Faustus strives against human limitation to the point of selling his soul. He is not only a seeker for power but also a knower and a desirer to know. The play begins with Dr. Faustus shown in his study, where he is deciding upon which field to specialise in- Analytics or Logic. Dissatisfied with his human status, he would like to have magical powers of making men live eternally and bringing back the dead to life. He rejects divine learning also, because it is based on a recognition of man’s morality and fallibility. For most of the play, the chorus sets the motion of the drama.
The first Act establishes the unscholarly attitude of Faustus and also the base for his tragedy- a poor bargain eventually made with the devil that will leave him devastated in the end. The subplot of Wagner, the scholars and the clown dramatises Faustus’ predicament in very crude terms and have certain comical elements in it. Act 2 outlines the tragedy with greater depth. Faustus’s rebellion against human nature is quite desperate, because it loses more than it gains. But Faustus is “resolved” and shall “never repent”. He finally signs the pact with the devil, giving away his soul in return for the services of limitless knowledge.
Acts 3 and 4 are basically about the kind of life Faustus is now leading with the help of Mephistophilis and other minions of the devil. Faustus seeks and Mephistophilis plans, rather a series of comic indulgences mainly to distract the former’s mind from the tormenting religious awareness. The final Act brings a climatic end of Faustus. The 24 years of the agreement comes to an end and with that, the sad realisation that all knowledge, wealth and power of the world were futile in comparison to having an everlasting place in heaven.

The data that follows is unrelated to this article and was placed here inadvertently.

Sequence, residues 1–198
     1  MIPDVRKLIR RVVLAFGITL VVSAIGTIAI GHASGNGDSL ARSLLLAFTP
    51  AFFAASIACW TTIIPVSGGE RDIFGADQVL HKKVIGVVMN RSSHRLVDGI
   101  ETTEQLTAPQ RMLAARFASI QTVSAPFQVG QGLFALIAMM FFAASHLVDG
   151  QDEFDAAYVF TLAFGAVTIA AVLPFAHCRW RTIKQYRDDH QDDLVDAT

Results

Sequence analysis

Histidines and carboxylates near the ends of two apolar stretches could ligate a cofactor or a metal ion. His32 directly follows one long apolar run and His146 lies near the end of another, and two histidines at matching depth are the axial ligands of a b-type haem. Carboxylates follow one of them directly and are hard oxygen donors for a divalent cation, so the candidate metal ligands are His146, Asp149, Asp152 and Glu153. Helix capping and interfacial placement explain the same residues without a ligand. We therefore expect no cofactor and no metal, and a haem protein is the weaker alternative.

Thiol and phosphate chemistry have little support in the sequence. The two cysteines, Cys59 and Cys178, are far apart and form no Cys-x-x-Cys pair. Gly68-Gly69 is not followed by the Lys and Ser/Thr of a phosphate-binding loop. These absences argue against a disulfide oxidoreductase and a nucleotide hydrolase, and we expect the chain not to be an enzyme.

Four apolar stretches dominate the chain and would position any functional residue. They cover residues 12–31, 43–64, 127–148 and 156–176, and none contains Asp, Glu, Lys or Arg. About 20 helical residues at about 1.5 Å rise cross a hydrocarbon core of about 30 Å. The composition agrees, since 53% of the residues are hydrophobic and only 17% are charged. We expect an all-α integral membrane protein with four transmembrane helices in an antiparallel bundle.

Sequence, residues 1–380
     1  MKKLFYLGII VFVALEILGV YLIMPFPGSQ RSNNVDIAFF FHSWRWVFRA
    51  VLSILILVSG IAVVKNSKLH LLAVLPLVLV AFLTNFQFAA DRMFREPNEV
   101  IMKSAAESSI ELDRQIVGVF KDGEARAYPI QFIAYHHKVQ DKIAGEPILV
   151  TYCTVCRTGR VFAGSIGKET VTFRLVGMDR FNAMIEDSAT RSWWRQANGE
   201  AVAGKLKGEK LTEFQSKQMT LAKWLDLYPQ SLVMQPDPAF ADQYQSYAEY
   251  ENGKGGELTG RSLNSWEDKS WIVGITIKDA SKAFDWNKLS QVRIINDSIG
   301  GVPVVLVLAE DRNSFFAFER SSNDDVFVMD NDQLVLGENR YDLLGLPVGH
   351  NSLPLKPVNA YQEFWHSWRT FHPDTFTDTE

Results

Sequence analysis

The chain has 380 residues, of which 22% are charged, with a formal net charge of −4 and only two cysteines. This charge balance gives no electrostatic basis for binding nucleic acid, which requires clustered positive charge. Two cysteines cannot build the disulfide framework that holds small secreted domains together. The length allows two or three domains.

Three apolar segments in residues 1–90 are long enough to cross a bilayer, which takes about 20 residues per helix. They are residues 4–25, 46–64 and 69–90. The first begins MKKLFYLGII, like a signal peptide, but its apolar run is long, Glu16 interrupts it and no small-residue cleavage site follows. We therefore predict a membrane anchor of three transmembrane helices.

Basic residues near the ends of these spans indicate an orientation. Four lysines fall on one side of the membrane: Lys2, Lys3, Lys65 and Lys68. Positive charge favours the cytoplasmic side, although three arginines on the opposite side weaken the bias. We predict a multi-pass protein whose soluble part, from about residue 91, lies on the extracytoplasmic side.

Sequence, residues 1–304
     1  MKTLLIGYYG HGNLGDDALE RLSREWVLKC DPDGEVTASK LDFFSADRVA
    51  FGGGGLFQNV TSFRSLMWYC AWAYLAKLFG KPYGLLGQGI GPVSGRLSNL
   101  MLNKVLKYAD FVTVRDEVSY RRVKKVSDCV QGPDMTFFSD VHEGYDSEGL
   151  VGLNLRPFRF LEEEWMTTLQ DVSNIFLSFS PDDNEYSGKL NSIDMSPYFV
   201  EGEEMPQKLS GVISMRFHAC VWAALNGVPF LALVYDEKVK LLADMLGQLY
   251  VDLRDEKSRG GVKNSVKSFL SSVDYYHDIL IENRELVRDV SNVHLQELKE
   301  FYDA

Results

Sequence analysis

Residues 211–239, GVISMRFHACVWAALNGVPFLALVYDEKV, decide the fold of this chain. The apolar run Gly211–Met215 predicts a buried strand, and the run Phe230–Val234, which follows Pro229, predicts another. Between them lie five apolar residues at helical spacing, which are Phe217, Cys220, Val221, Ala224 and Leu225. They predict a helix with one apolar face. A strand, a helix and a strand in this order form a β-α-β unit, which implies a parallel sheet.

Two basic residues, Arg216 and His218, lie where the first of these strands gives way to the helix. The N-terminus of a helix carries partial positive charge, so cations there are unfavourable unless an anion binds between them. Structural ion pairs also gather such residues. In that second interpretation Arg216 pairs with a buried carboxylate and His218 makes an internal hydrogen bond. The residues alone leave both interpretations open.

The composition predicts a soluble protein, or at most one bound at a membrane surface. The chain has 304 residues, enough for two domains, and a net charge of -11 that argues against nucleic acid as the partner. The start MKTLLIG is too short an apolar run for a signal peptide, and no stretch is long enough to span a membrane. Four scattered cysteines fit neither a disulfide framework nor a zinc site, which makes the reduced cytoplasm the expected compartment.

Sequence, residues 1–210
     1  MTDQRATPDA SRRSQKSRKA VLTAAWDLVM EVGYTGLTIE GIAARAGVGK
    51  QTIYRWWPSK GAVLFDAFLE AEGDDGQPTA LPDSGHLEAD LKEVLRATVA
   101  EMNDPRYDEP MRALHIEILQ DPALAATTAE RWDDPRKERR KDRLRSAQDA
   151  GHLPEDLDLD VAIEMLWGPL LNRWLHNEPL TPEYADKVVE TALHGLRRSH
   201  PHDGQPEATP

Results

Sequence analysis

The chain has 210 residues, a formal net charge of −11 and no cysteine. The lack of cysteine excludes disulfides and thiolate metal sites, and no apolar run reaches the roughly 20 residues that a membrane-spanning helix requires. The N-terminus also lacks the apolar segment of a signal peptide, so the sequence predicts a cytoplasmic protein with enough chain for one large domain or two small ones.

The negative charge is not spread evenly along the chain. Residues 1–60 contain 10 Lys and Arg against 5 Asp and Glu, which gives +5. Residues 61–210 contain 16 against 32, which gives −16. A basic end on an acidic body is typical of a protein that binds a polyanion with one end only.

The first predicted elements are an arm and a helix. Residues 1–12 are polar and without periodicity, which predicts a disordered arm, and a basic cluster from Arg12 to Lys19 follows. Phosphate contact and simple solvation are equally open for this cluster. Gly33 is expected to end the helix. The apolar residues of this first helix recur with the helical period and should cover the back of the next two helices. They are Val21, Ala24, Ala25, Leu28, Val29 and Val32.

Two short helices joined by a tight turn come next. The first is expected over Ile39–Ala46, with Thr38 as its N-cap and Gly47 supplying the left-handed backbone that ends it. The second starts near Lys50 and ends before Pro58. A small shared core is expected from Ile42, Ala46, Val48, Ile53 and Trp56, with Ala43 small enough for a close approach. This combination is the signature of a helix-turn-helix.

The keynote of the final monologue of Faustus, before the devil takes him, is a feeling of pity and terror which all great tragedies are expected to arouse. Marlowe had a twofold aim in the play. He would write a morality play and hence the substantial stasis can be highlighted along with the comedy and the undramaticality of the play associated with the morality tradition. J. P. Brockbank observes, that the play serves a purpose for the audience- “In fear we acquiesce in the littleness and powerlessness of man, and in pity we share his sufferings and endorse his protest. ”